Much criticism of the Church is fair-minded and based in fact. However, some have other, more sinister agendas. Such adherents of the secular orthodoxy often frame much of their criticism of the Church along these lines: “I just love children, justice and human rights so much that I feel I simply must speak out against this nasty Church”.
However, a deeper look at those who shout loudest often shows a dark hypocrisy: Peter Tatchell’s recent hour-long attack on the Pope and the Church on British television was, he claimed, founded upon his concern for children. Yet he campaigns for it to be made legal for 14-year-olds to have sex with adults. Worse, in 1997, Mr. Tatchell wrote a letter to the Guardian defending an academic book about “Boy-Love” saying that the book’s arguments were “courageous.” He said “several of my friends - gay and straight, male and female - had sex with adults from the ages of nine to 13.”

Did he report this to the police? No, instead he contends that “it was their conscious choice and gave them great joy.”

Nine years old.

Or witness the comments by prominent agony-aunt and former nurse Claire Rayner that, “I have no language with which to adequately describe Joseph Alois Ratzinger. In all my years as a campaigner I have never felt such animus against any individual as I do against this creature….The only thing to do is to get rid of him.”

This prompted speculation as to whether by “get rid of him” she meant “kill him”. Ms. Rayner has in the past recommended that Down’s syndrome children be killed before birth. Perhaps it is the pope’s opposition to such eugenicist policies that irks her: In fact, in 1941 one of the pope’s cousins, who had Down's syndrome, was murdered in the Nazis' "euthanasia" campaign.

Yet “anti-pedophiles” who want to legalize child sex and members of the “caring profession” who want to eradicate people with Down’s syndrome are typical enough of the thinkers that inform a great deal of the criticism of Catholicism in modern Britain.

We all know that Church has been deeply flawed and it has done wrong. We all know about the recent scandals; however the anti-Catholic hysteria that has enveloped Britain is not motivated by that. The recent abuse scandals serve merely as an excuse to open the floodgates for an ancient national hatred, and to air the shrieking grievances of multiple activists and fringe groups with radical and often-dark agendas.
Brendan O’Neill, a compelling humanist-atheist writer, says: “These pope-protesters threaten to drain the last drop of decency from old-fashioned humanism, turning a once-principled outlook into little more than a requirement to hate religion… Today it is a powerful sense of lack within modern-day so-called humanist circles – a feeling of directionless and soullessness – that leads them to invent religious demons against which they might posture and pontificate. That is why they talk in such religious tones (ironically) about the Catholic Church’s ‘clinging and systematic evil that is beyond the power of exorcism to dispel’ – because this is about cynically cobbling together some sense of their own goodness and mission. And in the irony to end all ironies, they make use of the very religious tools that secularists once hoped to supersede with reason – intolerance, fear-stoking, demonology – as part of their self-serving campaign.”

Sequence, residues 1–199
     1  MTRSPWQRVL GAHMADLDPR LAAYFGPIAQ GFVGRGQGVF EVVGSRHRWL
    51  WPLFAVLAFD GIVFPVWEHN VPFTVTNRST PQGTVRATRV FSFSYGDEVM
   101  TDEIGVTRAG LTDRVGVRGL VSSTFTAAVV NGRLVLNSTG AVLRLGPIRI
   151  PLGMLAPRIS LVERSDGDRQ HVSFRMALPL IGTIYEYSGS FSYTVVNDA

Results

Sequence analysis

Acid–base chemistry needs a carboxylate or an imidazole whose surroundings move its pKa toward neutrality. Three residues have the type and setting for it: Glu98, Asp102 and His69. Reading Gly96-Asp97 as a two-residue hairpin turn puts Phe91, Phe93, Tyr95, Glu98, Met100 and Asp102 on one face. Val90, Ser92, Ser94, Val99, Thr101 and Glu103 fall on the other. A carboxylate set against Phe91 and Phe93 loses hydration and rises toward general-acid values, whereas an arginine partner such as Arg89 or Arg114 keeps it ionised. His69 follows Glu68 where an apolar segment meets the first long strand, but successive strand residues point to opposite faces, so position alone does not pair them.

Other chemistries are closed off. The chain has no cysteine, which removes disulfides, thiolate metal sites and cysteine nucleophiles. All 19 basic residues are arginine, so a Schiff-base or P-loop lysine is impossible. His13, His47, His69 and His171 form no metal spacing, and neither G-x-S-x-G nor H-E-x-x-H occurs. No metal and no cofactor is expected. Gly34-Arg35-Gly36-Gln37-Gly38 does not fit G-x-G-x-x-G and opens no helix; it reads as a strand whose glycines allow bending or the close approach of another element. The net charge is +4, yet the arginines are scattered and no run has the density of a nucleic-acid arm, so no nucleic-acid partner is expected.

As well as this sense of “lack” there is also perhaps a sneaking sense of shame behind much of the anti-Catholic sniping:
For one of the sad truths about modern British society is that it is falling to pieces: It has amongst the highest European rates of divorce, single parenthood, teenage pregnancies, abortion, alcohol and drug abuse, sexually transmitted diseases and violent crime.
All this stems from Britain’s abandonment of its shared heritage, values and community - the ineffable loss summed up in Prime Minister Cameron’s phrase, “the broken society”.
Only 50 years ago Britain was widely admired as one of the most gentle, civilised, safe and harmonious societies in the world. This civilisation was underpinned and sustained by the very Christian-derived values that the anti-Catholic commentators now so viciously attack and mock. The secularist experiment in Britain has failed: It has become a chaotic, fragmented, decadent nation that increasingly resembles Rome after the fall.
In their bones, many British people I have spoken to feel that a shadow has passed over their country in recent years. They mourn deeply for what it once was. There is something indefinable in the British air these days: a sense of tension, fear, unease and foreboding. It is no longer a pleasant land. There is little warmth: society has broken in to bickering ethnic, religious and ideological factions. Some quarter million of its citizens flee every year (mainly those who can afford to). They, by choice, are emigrating to America, Australia, Canada, Italy, France, Ireland and Spain – places where some basic sense of shared values, (which Catholicism in many ways represents) remains a part of the social fabric.
Perhaps the pope, for all his faults, uncomfortably reminds many British people of the values that once held their nation together. In doing so, they are reminded of what they have lost, and that their society is now falling apart before their very eyes.
Maybe that’s why they hate him so much.
Or maybe it’s just because he’s a German. Either way, the idea that modern Britain is a tolerant nation is dead and buried: Britain’s “aggressive secularism” has killed it.